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How Is Retinal Detachment Treated?

Only around 28,000 Americans experience a retinal tear every year. To put it in perspective, that's only 0.01% of the population. It's a low risk, but a retinal detachment can lead to permanent vision loss, so it's critical to know the risk factors, warning signs, and treatment options. 

Our ophthalmologists here at Retina Specialists have decades of experience diagnosing and treating retinal health issues, including retinal detachments. Today, we share our knowledge, so you know the warning signs of a retinal detachment as well as your treatment options.

Signs of a retinal detachment

If your retina pulls away from the back of your eye, it causes visual disturbances including:

It's possible that a small piece of the retina can detach and not cause any symptoms. However, a small retinal tear can become progressively more severe and should still be treated. 

Retinal detachment treatment options

We offer several treatments for retinal detachments. Following your exam and diagnosis, we may recommend:

Laser therapy

During laser therapy, we numb your eyes and place a guard over your eye to keep the lid open during the procedure. Then, we use a precise medical laser to repair your retina and secure it to the back of your eye. We provide medicated eye drops to reduce swelling and your risk of infection. 


If your retinal tear is more severe, our ophthalmologists offer a variety of surgical procedures to repair your retina. 

Pneumatic retinopexy

Your ophthalmologist puts a gas bubble inside your eye during a pneumatic retinopexy. The gas bubble pushes your retina back into place and holds it against the back of your eye while it heals and reconnects. As you heal, your eye makes vitreous fluid (the gel that feels your eyes), which eventually replaces the gas bubble.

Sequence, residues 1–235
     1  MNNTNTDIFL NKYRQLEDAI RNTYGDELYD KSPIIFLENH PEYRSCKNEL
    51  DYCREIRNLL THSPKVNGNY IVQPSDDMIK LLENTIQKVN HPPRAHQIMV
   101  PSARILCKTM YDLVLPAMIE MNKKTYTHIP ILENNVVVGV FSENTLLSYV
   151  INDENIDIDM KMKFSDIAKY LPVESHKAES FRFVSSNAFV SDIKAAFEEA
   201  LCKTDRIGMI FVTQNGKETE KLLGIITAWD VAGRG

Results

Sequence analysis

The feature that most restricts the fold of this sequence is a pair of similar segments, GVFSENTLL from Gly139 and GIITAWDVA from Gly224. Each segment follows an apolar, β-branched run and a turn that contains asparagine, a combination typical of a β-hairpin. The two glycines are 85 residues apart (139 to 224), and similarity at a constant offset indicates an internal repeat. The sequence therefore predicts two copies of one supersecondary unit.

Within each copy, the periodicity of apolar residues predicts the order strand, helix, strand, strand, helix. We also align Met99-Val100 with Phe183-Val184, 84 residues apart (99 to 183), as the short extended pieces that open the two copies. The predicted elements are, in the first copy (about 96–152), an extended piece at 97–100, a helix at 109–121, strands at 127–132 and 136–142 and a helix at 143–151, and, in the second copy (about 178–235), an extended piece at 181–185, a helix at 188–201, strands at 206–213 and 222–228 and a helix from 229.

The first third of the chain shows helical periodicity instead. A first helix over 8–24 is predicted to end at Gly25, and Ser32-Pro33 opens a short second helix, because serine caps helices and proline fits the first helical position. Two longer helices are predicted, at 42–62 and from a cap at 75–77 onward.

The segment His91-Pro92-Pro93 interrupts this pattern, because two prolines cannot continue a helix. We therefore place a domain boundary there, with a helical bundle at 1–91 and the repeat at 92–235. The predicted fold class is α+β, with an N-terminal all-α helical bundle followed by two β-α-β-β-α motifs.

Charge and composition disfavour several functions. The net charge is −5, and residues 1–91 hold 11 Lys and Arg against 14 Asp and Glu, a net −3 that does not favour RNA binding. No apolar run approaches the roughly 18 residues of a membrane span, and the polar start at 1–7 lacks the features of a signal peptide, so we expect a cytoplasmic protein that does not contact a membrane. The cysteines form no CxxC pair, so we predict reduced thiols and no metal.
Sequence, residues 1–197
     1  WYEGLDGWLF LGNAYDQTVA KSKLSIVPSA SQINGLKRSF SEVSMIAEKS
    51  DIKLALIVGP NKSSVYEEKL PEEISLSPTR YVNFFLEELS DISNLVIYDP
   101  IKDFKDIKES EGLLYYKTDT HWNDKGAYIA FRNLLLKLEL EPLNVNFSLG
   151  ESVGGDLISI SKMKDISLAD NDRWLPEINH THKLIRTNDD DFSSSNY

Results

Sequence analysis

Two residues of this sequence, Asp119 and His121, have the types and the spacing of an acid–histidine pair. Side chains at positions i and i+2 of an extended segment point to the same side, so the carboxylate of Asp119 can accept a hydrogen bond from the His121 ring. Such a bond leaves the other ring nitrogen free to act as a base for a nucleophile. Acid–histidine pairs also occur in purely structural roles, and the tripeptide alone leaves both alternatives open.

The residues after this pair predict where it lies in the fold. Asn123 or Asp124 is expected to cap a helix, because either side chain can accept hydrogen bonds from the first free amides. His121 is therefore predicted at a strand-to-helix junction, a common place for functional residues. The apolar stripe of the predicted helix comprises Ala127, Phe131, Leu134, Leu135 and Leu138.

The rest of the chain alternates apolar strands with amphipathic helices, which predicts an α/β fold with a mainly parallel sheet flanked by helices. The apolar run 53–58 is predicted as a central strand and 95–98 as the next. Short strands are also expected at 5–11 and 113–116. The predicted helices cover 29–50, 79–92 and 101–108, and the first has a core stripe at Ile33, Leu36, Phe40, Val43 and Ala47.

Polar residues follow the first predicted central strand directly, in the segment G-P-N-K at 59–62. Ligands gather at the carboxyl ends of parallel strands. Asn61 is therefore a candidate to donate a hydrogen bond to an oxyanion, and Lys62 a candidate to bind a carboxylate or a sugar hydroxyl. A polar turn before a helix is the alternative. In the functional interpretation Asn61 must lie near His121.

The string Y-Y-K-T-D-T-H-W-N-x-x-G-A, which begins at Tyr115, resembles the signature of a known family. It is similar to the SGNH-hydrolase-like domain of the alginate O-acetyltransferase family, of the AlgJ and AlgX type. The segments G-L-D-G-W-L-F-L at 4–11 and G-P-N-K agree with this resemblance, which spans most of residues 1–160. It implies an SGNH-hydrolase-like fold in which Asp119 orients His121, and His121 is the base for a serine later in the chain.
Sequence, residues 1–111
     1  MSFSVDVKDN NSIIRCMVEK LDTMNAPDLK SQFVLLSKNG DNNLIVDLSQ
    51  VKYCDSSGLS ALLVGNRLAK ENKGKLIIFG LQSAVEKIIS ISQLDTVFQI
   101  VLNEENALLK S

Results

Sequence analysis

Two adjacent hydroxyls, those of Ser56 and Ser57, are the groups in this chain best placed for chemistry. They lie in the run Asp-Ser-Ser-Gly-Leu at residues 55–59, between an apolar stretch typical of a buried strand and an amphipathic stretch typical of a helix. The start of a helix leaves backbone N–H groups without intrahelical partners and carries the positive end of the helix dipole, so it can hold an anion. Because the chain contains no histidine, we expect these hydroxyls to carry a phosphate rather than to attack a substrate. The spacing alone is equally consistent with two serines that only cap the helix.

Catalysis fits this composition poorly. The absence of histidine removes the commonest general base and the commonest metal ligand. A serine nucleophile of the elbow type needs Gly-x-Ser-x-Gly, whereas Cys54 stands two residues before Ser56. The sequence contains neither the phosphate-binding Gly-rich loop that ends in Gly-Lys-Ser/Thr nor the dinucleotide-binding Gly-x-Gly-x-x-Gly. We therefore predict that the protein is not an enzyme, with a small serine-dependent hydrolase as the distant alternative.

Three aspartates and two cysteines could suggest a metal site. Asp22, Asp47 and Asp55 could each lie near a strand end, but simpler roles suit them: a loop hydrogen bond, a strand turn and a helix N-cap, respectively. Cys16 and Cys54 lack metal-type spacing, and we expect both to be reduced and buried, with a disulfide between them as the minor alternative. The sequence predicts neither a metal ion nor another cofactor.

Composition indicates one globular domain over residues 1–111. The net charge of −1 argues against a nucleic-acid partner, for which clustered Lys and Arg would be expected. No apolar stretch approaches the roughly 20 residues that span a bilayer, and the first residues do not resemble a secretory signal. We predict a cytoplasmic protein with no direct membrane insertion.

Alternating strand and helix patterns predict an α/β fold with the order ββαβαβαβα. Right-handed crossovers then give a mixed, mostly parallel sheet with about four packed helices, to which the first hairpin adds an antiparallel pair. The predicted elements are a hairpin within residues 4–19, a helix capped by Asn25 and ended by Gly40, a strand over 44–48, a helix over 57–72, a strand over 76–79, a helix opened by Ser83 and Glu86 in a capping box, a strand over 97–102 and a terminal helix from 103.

During a vitrectomy, your ophthalmologist removes the vitreous fluid in your eye then replaces it with an air or gas bubble. As with pneumatic retinopexy, the bubble pushes your retina into place and holds it there until you heal. 

Scleral buckle

A scleral buckle is a small piece of rubber or plastic that your ophthalmologist attaches to the outside of your eye. The buckle gently presses your eye inward, which helps hold your retina against the back of your eye. You can't see or feel the scleral buckle once it's in place. 

Retinal detachment risk factors

Your risk of a retinal detachment is higher if you have a family history of the condition, a prior eye injury, or eye surgery. 

Other issues that can increase your risk of a detached retina include:

If you have any risk factors for retinal detachment, make sure to schedule annual comprehensive eye exams so we can keep an eye on your eye health. If you have any signs of a retinal detachment, call our office immediately for personalized help and instructions. 

If you need expert eye care, call one of our offices today. We're located in DeSoto, Plano, Mesquite, Dallas, and Waxahachie, Texas. 

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